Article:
This female Leucadendron pubescens shrub has grown tall and wide on the Piketberg Mountain. The involucral leaves adjacent to the cones are similar to the plant’s general silvery foliage. Female plants have leaves roughly twice as long as male plants.
The old, lower stems are bare, the leaves concentrated at and fairly near the stem-tips. The bark on old big branches is grey or brown and initially smooth, later thinly cracked.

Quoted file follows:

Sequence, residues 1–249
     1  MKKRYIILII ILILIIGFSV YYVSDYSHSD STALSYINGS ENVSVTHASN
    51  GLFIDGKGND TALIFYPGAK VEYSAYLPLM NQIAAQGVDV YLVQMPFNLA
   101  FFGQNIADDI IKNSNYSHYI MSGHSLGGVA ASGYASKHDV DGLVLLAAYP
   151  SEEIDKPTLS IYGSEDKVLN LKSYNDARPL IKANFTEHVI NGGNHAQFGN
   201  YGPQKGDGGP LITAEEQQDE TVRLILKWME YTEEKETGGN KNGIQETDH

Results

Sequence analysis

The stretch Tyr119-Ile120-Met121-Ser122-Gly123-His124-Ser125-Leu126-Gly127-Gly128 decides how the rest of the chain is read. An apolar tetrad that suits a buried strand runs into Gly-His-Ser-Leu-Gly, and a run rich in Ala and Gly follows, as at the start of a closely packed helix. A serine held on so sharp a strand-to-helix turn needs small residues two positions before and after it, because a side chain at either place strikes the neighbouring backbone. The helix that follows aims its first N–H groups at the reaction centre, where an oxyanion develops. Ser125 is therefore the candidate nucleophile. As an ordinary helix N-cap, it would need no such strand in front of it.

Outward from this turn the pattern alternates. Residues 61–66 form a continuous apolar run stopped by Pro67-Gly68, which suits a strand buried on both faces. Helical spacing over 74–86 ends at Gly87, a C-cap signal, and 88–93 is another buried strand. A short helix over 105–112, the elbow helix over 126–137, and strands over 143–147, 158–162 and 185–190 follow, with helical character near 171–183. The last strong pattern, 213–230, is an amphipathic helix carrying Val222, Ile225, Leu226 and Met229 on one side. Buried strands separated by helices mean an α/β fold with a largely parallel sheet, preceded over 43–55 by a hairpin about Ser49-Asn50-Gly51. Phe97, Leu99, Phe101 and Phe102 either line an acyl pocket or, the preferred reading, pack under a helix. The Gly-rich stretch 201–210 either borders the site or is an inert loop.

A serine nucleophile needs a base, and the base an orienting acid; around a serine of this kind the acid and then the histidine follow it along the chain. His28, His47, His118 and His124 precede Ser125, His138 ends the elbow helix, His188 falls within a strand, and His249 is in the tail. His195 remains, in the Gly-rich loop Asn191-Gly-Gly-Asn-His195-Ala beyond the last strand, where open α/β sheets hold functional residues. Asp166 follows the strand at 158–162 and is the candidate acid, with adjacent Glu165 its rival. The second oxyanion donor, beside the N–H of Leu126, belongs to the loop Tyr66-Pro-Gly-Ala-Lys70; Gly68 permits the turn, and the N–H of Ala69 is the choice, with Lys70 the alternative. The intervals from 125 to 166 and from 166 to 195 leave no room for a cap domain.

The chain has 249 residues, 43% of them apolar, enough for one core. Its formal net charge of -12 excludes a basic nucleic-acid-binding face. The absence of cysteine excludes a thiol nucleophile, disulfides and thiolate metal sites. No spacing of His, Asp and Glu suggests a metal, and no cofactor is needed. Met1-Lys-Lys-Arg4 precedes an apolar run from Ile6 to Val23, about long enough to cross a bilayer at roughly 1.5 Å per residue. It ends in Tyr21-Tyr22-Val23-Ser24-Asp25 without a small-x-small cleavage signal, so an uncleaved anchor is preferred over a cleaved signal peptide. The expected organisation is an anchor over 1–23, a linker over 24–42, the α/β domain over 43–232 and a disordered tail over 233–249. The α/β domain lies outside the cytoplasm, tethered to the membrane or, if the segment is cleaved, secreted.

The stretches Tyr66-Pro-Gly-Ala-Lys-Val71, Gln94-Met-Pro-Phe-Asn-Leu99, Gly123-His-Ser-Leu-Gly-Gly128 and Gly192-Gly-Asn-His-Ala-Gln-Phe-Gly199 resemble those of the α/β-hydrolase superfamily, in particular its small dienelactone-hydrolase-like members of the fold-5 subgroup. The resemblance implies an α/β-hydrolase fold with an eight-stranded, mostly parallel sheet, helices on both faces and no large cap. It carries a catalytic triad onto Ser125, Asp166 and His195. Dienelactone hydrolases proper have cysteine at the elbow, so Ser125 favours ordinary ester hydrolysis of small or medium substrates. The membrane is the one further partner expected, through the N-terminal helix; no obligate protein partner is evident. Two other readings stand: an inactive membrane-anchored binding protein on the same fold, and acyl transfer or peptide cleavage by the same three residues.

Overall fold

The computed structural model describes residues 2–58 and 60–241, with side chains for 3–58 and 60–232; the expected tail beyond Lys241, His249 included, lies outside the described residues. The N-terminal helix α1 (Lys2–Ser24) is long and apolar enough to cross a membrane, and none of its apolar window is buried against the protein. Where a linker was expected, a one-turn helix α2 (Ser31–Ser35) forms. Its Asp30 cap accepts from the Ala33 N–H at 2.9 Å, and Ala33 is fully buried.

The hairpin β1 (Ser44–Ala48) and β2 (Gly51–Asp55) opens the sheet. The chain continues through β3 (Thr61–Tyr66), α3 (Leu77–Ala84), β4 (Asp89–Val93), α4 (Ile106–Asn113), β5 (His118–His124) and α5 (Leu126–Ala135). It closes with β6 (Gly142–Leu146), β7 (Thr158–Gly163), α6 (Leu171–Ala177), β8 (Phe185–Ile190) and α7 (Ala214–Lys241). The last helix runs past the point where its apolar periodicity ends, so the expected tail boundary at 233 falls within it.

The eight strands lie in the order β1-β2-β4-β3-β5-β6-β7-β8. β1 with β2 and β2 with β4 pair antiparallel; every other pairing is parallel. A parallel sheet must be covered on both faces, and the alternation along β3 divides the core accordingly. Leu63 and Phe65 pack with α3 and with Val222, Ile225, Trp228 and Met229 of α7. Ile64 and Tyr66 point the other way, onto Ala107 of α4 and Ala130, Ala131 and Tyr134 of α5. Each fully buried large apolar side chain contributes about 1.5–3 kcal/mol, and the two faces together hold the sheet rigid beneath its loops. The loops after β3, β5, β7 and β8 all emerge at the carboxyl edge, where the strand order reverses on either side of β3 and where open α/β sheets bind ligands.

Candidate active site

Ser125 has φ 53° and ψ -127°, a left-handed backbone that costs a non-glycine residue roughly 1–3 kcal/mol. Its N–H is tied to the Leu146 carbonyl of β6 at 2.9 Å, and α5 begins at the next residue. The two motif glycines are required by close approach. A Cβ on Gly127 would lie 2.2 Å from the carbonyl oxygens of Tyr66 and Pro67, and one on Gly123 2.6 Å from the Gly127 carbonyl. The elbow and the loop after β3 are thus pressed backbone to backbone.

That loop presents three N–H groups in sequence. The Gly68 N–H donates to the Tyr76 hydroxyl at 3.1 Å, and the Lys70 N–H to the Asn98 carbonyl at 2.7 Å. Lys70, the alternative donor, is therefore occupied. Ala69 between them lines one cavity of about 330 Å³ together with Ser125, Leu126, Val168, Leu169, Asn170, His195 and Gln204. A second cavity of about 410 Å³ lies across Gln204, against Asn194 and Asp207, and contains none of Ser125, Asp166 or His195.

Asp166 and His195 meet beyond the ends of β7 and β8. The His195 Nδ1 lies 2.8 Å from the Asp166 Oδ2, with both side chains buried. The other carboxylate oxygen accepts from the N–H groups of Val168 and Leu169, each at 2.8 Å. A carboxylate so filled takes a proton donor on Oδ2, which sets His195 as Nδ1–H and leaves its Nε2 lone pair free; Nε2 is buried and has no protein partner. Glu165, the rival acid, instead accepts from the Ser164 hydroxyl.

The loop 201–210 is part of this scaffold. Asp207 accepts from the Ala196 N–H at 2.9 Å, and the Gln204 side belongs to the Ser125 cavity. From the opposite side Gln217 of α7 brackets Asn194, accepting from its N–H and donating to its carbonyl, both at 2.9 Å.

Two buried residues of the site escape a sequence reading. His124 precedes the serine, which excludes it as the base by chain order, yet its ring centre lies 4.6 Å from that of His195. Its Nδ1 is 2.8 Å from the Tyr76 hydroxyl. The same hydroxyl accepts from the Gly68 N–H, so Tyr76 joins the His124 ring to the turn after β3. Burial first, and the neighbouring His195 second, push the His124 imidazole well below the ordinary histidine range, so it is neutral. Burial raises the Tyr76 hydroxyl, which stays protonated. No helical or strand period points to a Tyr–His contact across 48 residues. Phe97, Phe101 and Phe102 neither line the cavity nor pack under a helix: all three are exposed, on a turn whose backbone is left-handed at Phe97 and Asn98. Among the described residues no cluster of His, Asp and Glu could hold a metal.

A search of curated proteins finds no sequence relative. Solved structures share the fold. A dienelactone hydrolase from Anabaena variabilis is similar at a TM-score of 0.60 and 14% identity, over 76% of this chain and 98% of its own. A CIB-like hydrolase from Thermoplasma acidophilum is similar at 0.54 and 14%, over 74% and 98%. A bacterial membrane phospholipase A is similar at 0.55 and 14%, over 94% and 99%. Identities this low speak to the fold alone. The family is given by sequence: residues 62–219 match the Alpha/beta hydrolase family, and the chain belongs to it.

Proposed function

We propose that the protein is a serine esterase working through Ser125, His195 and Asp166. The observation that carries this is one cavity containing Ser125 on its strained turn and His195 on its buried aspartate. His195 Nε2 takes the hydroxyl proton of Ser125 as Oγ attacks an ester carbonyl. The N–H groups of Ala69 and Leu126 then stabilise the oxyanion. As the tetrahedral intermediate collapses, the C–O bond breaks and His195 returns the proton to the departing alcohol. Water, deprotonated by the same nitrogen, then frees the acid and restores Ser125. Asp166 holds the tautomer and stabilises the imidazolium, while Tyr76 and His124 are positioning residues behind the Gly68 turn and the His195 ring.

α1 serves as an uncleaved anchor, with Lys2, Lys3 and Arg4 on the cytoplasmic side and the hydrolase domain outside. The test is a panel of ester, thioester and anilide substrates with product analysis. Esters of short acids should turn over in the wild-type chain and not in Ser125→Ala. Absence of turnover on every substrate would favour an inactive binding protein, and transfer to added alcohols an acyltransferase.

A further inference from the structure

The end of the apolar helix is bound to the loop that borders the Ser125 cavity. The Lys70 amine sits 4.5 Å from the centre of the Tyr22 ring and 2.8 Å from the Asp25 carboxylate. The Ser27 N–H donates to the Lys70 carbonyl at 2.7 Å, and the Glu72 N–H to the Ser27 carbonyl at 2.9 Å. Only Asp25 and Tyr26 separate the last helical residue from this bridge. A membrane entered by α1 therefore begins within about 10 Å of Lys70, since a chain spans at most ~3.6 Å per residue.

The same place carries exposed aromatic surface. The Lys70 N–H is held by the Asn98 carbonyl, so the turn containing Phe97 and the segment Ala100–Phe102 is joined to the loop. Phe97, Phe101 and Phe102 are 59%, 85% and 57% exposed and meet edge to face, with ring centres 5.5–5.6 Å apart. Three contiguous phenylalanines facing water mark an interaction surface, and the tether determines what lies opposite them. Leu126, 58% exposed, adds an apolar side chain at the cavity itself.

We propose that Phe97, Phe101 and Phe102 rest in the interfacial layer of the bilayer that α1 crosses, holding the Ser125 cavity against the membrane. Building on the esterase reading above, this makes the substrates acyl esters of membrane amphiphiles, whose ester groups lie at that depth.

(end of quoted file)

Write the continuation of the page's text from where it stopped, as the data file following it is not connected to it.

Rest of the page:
The fruit of this shrub is a small, hard nut, broader than long, brown and sparsely hairy (Vlok and Schutte-Vlok, 2010; Paterson-Jones and Manning, 2007; Coates Palgrave, 2002; iNaturalist).
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